correlation (r = 0.489, P > 0.05) between the latency of the response and
how long the cell continued responding beyond the end of the stimulus.
One concern is that the electrodes themselves were acting as an antenna and stimulating the cells electrically. The arrangement of the active and reference electrode along the long axis of the waveguide chamber prevented them from serving as a loop antenna. In preliminary experiments we varied the positions of the electrodes to determine whether they could, in fact, act as an antenna. When the electrodes were not aligned, the stimulus artifact was detected directly and observed on the oscilloscope display. Whether such a stimulus was strong enough to stimulate the cells is unknown. A second factor that supports the idea that the cells were not stimulated electrically is that not all cells responded to the stimulus, even those in the close neighbourhood of a responding cell. This speaks clearly against an artifact.
These high frequency RF fields produced a response in many types of neurons in the avian Central Nervous System (in both cerebellum and cerebrum) and did not appear to be limited to any specialized receptor. Similar responses (long latency and ongoing higher activity after cessation of the fields) also were reported to a 52 GHz carriar, 16Hz modulated signal (Semm er al., unpubl. data). Thus, the effect does not appear to be limited to magnetic sensory cells , but may occur in any part of the brain. The stimulus might mimic a natural mechanism involved in cell communication, producing responses from many different types of neurons. It is unlikely that the effects we observed are the result of thermal excitation caused by the RF radiation because the power densities we applied were 2 to 3 orders of magnitude below what is required (10 mW/cm2) to produce heating of even 0.5° C (Bernhardt 1992). Consequently, we conclude that the effects we observed are not the result of thermal agitation but at this point we cannot offer an athermal mechanism to account for the observations.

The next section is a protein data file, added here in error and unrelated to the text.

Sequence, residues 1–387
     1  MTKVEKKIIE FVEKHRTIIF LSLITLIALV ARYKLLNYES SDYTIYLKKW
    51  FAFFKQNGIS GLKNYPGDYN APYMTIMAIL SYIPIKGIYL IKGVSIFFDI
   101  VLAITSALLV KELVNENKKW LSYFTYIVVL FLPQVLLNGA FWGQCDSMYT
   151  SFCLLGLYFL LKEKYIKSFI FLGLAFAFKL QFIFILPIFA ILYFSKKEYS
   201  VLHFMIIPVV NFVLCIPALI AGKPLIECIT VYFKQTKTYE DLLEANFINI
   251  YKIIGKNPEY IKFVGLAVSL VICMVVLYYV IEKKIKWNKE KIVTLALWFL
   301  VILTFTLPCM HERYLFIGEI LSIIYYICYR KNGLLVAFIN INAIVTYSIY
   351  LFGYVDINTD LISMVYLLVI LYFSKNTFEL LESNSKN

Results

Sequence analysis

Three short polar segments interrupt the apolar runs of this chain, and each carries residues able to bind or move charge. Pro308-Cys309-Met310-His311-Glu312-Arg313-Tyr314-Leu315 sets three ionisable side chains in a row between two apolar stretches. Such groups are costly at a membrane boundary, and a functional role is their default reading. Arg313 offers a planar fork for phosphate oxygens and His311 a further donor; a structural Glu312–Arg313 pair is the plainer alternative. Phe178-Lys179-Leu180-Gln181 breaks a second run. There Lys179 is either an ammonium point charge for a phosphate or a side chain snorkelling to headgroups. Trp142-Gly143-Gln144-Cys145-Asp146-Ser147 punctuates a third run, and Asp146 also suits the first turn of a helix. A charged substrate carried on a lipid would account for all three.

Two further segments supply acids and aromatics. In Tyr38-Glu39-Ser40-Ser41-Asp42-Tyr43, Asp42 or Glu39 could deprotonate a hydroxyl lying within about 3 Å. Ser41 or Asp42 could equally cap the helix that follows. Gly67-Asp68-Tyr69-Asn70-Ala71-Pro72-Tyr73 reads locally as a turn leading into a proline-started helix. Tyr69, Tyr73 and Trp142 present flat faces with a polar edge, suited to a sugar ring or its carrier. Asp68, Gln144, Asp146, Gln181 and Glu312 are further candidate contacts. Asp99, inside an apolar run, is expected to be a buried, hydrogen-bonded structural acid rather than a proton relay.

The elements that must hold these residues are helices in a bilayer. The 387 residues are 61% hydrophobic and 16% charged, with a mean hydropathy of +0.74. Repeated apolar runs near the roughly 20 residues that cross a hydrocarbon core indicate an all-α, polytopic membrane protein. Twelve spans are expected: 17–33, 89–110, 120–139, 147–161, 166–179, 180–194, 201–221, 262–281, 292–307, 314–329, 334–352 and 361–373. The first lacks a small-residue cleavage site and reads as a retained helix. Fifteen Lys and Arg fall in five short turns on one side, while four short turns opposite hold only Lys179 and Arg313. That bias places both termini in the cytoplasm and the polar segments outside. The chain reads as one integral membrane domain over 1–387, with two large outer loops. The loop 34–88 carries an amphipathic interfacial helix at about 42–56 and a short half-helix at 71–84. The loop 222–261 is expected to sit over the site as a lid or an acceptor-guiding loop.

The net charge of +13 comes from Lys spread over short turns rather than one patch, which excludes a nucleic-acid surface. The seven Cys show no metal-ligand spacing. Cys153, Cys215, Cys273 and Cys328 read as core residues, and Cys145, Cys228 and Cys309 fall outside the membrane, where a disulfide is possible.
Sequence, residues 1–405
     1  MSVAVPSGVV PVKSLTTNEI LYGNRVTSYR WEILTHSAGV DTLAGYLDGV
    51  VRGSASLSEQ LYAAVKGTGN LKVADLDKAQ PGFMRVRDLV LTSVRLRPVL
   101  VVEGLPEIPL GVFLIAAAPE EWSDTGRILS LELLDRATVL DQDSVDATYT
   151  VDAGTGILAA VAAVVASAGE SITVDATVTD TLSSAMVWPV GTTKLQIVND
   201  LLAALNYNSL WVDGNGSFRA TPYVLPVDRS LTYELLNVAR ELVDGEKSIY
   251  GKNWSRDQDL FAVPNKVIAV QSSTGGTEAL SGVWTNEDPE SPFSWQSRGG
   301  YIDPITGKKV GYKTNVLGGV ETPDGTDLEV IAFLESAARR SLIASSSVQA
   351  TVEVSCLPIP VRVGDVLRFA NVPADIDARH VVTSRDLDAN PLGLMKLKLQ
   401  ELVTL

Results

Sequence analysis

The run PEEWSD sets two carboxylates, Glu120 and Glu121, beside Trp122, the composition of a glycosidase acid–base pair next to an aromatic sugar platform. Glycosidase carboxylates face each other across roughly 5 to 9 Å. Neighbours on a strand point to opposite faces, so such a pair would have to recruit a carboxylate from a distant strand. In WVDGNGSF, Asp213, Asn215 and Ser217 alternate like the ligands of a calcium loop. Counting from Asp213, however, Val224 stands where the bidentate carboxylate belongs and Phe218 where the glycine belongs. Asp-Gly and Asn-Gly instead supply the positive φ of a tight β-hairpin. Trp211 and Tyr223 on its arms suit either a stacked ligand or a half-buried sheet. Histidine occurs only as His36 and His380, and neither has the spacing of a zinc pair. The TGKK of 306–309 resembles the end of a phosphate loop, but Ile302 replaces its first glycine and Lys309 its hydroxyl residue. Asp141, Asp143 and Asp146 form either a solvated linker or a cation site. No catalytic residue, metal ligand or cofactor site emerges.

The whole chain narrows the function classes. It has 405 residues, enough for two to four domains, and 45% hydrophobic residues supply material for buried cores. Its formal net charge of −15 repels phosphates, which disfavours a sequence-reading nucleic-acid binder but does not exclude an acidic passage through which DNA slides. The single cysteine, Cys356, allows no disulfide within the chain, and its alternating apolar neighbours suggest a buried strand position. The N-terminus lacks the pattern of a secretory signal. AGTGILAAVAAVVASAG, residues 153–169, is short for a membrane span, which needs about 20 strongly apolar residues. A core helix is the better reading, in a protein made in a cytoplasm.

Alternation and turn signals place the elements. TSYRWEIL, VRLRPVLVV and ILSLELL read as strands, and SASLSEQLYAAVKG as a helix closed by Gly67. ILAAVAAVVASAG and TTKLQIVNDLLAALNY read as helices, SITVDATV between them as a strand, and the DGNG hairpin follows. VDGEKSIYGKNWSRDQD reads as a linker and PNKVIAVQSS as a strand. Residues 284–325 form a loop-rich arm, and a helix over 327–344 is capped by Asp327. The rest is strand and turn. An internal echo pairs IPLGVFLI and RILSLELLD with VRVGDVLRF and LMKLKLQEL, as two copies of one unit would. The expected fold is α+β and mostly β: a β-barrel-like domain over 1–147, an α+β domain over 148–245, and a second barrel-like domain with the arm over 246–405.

Although individual neurons in the zebra finch brain responded to the pulsed RF stimulus, we do not know whether these responses by the nervous system are manifested in the bird's behavior or its health. Bruderer and coworkers [4, 5] reported no behavioral responses of birds to pulsed or continuous RF microwave signals, but their studies involved different frequencies and lower power densities of the stimulus. Whether similar neuronal responses occur in mammals, including humans, requires further investigation. Borbély and coworkers  reported that exposure to a RF signal similar to the one we used influenced sleep and sleep electroencephalogram in humans. Their results and the responses we recorded clearly indicate the potential for effects on the human nervous system.
We gratefully acknowledge financial
support of the Deutsche Telekom and the Geneseo Foundation. Technical
assistance and the loan of equipment were provided by the Deutche Telekom.